SS Raifuku Maru
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|Name:||SS Raifuku Maru|
|Owner:||Kawasaki Kisen Kaisha, Ltd.|
|Port of registry:||Kobe, Japan|
|Builder:||Kawasaki Shipbuilding Corporation|
|Out of service:||1925|
|Fate:||Sank in storm in North Atlantic in 1925, with the loss of 38 lives.|
|Tonnage:||5,867 gross register tons (GRT)|
|Length:||117.3 m (384.84 ft)|
|Beam:||15.5 m (50.85 ft)|
|Depth:||11 m (36.09 ft)|
|Installed power:||440 hp (0.33 MW).|
|Propulsion:||Triple expansion engines.|
The SS Raifuku Maru (来福丸 (Kyūjitai: 來福丸)? Raifuku Maru) was a Japanese Dai-ichi Taifuku Maru-class cargo ship, which was built in 1918 at Kawasaki Dockyard in Kobe, Japan, and owned by Kawasaki Kisen Kaisha, Ltd.. In April 1925, it sank in a heavy storm during a voyage from Boston, USA, to Hamburg, Germany, with a cargo of wheat and a crew of thirty-eight, all of whom were lost.
The Raifuku Maru had sailed out of Boston on 18 April 1925. On 21 April, it sailed into a heavy storm, and the cargo of wheat began to shift, causing the ship to take on an increasing list to one side. The RMS Homeric, a liner of the White Star Line, and several other vessels received the following communication from the Japanese ship's wireless operator, Masao Hiwatari: "Now very danger! Come quick!" Despite the broken English of the Japanese crewmen, it was obvious that the vessel was in trouble. The Homeric (along with the British vessel King Alexander) tried desperately to reach the Raifuku Maru, but was unable to get close enough to rescue any crew due to the rough seas. The vessel was listing at a 30-degree angle, and sank with all hands while the Homeric's crew and passengers watched. The Homeric sent the following message to the Camperdown Signal Station: "OBSERVED STEAMER RAIFUKU MARU SINK IN LAT 4143N LONG 6139W REGRET UNABLE TO SAVE ANY LIVES." Several vessels attempted to locate bodies or survivors from the ship in the days after the sinking, but found none.
The incident was quite controversial at the time; when the Homeric arrived in New York, several of the passengers publicly accused the crew of the Homeric of not making enough effort to save the Raifuku Maru's crewmen. This was taken up by the Japanese government, who accused the English captains of racism for not saving their crewmen. However this was strenuously denied by the crew of the Homeric and the White Star Line who argued that they had made every effort to rescue the crew.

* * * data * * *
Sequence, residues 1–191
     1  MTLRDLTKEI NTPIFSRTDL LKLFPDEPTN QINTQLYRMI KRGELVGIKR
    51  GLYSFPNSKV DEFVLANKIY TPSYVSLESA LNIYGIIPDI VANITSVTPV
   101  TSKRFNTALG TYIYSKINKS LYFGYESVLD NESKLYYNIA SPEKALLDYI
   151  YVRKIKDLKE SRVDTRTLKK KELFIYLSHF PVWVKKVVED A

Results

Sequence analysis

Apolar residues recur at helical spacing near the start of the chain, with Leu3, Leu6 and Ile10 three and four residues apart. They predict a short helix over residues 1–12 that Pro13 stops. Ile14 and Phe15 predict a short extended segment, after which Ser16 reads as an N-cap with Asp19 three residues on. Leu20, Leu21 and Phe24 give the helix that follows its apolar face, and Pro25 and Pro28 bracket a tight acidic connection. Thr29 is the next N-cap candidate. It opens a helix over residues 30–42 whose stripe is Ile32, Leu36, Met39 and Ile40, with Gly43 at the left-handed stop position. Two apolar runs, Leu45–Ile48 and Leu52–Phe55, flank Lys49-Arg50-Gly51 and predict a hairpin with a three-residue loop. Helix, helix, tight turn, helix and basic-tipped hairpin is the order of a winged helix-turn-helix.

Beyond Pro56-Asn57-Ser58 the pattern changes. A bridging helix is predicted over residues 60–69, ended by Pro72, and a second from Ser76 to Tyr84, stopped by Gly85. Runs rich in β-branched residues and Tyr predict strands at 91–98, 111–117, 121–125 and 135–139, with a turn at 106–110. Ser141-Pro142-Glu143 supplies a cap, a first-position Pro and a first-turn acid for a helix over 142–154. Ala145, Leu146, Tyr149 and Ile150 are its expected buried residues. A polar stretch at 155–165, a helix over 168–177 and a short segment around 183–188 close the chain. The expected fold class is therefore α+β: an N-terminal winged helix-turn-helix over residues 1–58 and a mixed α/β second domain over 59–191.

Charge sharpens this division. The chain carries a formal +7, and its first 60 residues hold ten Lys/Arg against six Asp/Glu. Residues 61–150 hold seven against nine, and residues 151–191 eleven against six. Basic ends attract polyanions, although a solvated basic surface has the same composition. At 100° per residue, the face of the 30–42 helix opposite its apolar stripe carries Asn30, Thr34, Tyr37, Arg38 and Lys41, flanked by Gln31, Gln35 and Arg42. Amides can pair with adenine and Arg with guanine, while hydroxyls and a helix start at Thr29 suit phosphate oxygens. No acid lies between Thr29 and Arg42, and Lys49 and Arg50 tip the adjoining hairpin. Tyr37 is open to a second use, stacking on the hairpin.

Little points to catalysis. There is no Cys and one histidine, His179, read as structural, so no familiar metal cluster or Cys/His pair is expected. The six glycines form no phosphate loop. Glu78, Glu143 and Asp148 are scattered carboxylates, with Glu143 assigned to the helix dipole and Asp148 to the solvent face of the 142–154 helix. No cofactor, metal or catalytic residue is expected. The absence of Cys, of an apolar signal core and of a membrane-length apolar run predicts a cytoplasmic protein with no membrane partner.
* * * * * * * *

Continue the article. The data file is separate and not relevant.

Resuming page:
Myths and legends
Several early reports of the incident, including those of the Associated Press, claimed that Hiwatari sent a frantic message reading "Danger like dagger now!" The source of this quote is unknown, since it isn't included in radio logs or official records of the incident, but appears in many early accounts of the Raifuku Maru's sinking. Divorced of its original context, the "dagger" comment became the basis for a popular legend that the ship disappeared without a trace after sending the message.  Later writers speculated over what the "dagger" was (with waterspouts and UFOs frequently blamed), and the incident became remembered as a genuine mystery of the sea. Popular writers on the Bermuda Triangle, specifically Charles Berlitz and Richard Winer, propagated the myth of the vessel's "mysterious" sinking.
- "Japanese Ships Sinks With A Crew Of 38; Liners Unable To Aid" New York Times, April 22, 1925.
- "Passengers Differ On Homeric Effort To Save Sinking Ship" New York Times, April 23, 1925.
- "Homeric Captain Upheld By Skippers" New York Times, April 24, 1925.
- "Liner Is Battered In Rescue Attempt" New York Times, April 25, 1925.
- www.wrecksite.eu - (Note: this website states that the crew was 48, whereas most other sources say 38)
- Jay Sivell. Wordpress.com
- G. Roscoe Spurgeon "Radio Stations Common? Not This Kind" coastalradio.co.uk
- "Groggy Dundee", Raifuku Maru: From Tragedy to Myth, 5 April 2017. Retrieved 1 May 2017.
- Charles Berlitz, The Bermuda Triangle (1974), p. 54